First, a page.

Sea Strainer Shouldn’t Strain to Strain

31st August 2023

Raw-water strainers have a vital job aboard the boat, and their need for routine attention is well worth the effort. A sea strainer is a relatively simple device consisting of a removable housing, a clear Lucite shell and a perforated nylon or metal basket insert. Water drawn into the boat flows into the top of the unit and passes through the basket, which is designed to trap debris. The clean water then exits the strainer and flows to its destination, be it the engine, a livewell, the air-conditioning system or watermaker pump.

In some applications, a single, large raw-water strainer or a sea chest built into the bottom of the boat will service multiple systems in place of several smaller units. However it is done, the most critical factor is that plenty of water flows all the time to the individual systems to keep them happy and cool.

Strainer maintenance should begin at the seacocks, which control the flow of water to raw-water strainers. These valves should be exercised at least once a month by opening and closing them a few times when the machinery is not in operation.



After closing the seacock valve, remove the lid on the top of the strainer. Some strainer lids require a wrench, while others simply unscrew by hand. There will be a gasket in the lid, so be careful it does not fall out or get lost. Pull on the handle to remove the basket. And place the basket in a small bucket to prevent the debris from escaping into the bilge.

Moving out onto the dock, dump out the contents, rinse the basket with fresh water and scrub lightly as needed. Reinstall the basket. Some baskets are keyed so it may take a little effort to align the key and get the basket to seat properly. Next, replace the lid, making sure the gasket is not pinched during reassembly. Be careful not to force or cross-thread any of the parts. Open the seacock, check for leaks and you are done.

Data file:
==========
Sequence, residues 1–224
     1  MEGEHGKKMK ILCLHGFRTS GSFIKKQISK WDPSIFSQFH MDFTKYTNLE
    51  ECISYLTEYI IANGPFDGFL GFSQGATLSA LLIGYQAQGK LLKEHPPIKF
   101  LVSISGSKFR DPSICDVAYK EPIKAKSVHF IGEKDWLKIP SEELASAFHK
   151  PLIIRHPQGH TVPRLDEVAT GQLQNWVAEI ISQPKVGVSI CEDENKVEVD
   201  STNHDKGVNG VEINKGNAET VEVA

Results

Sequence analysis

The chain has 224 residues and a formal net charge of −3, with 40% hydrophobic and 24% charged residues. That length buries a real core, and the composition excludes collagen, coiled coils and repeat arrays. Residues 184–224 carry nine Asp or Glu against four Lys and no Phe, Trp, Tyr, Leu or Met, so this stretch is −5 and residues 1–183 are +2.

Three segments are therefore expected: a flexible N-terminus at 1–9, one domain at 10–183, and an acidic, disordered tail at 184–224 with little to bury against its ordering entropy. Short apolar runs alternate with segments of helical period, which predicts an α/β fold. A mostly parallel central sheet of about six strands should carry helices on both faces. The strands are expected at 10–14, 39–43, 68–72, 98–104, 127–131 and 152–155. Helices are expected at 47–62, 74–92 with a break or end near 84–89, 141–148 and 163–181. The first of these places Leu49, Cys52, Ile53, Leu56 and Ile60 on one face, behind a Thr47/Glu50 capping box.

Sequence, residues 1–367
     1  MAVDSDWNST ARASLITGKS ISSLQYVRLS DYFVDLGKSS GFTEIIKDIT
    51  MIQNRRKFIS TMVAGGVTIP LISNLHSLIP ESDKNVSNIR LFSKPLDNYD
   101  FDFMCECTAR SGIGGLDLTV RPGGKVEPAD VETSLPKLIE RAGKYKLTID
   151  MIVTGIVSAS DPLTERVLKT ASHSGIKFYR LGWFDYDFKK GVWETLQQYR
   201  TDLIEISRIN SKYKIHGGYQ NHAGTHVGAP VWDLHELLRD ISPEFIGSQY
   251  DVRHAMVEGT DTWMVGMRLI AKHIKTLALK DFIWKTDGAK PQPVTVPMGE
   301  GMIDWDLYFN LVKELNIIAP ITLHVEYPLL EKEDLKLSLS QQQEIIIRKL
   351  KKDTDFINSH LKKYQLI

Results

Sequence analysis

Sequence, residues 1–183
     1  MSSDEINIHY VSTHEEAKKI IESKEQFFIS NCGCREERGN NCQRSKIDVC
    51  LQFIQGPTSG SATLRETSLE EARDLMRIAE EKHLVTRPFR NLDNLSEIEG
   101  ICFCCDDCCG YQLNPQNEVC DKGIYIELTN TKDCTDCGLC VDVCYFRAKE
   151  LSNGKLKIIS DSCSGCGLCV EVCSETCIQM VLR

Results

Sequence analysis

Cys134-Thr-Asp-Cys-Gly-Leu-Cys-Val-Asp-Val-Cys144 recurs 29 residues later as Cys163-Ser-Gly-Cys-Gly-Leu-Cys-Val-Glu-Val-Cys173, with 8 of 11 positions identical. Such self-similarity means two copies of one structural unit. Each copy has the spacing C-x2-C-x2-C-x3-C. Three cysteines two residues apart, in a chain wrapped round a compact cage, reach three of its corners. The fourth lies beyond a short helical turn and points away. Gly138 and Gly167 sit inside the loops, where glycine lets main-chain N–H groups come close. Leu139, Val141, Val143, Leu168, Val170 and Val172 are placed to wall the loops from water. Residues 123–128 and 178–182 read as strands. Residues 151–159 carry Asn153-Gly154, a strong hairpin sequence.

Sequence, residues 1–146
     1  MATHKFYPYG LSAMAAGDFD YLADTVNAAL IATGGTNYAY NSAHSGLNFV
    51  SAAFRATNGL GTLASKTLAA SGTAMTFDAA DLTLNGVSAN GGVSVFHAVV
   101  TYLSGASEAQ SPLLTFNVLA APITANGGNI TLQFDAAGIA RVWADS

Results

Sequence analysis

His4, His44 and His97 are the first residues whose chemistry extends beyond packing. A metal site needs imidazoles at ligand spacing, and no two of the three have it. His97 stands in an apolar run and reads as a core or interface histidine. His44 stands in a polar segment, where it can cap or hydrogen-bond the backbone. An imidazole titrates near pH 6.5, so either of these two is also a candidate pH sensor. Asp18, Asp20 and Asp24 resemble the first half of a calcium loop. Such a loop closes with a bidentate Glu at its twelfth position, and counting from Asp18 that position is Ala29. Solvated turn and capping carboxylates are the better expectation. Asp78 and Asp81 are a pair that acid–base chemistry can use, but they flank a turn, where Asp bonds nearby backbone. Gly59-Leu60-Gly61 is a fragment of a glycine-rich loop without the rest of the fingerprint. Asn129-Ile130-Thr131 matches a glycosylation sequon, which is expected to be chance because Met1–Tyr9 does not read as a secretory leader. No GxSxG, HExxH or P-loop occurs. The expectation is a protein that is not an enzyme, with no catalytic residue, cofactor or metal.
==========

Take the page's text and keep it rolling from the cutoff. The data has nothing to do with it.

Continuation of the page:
If the basket is stainless steel, it is important that the handle touches the metal lid of the strainer for proper bonding. If you have to bend the handle to put the lid on, you are incorrectly assembling the strainer, which could result in leaks or galvanic corrosion to the basket. Try twisting the basket in the housing to be sure it slides into position correctly.

Sometimes when removing the basket, debris that was in the filter is disturbed and falls to the bottom of the strainer house. When re-insterting the basket, make sure that there is no debris underneath the basket. If so, it’ll cause the basket to sit too high and therefore may cause leaking when the lid is put back on. Ensure no debris is left on the inside of the housing that can cause the basket to sit too high. Having a small shop-vac is a great idea as it can quickly and easily suck out anything left in the basket, ensuring a proper fit.

If the boat builder installed the raw-water strainer in a convenient location, you typically can look at it to see how much debris has collected. In a dark bilge, you might need to shine a flashlight on the backside of the globe to see inside.

Finally, be sure to thoroughly inspect your boat’s underwater intake fittings each time you haul out. Apply antifouling paint to the inside of these through-hulls, including external scoops and screens, to repel marine growth and maintain adequate water flow to the raw-water strainers.

After cleaning out any sea strainer, all effort should be made to ensure there are no leaks in the system and engine cooling is taking place. Run up the engines and closely inspect the sea strainer fittings and lid to ensure no water is coming out of the sea strainer (or that it’s not sucking any air!). You also want to ensure no airlocks are causing a loss of water flow to the engines that may cause an engine overheat. Run the engines for at least 15 minutes to ensure they come up to temperature and stay at operating temperature and do not rise above that.

Sea strainers should be checked before each trip, because they can go from clean to clogged very quickly depending on what is in the water around you at the time.